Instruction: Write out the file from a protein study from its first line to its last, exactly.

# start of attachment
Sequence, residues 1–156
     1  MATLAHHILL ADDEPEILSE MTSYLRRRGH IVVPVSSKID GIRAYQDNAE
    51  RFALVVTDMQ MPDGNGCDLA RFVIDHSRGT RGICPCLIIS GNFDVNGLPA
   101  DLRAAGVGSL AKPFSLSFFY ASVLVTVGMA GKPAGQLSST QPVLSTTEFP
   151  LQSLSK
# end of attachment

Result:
Sequence, residues 1–156
     1  MATLAHHILL ADDEPEILSE MTSYLRRRGH IVVPVSSKID GIRAYQDNAE
    51  RFALVVTDMQ MPDGNGCDLA RFVIDHSRGT RGICPCLIIS GNFDVNGLPA
   101  DLRAAGVGSL AKPFSLSFFY ASVLVTVGMA GKPAGQLSST QPVLSTTEFP
   151  LQSLSK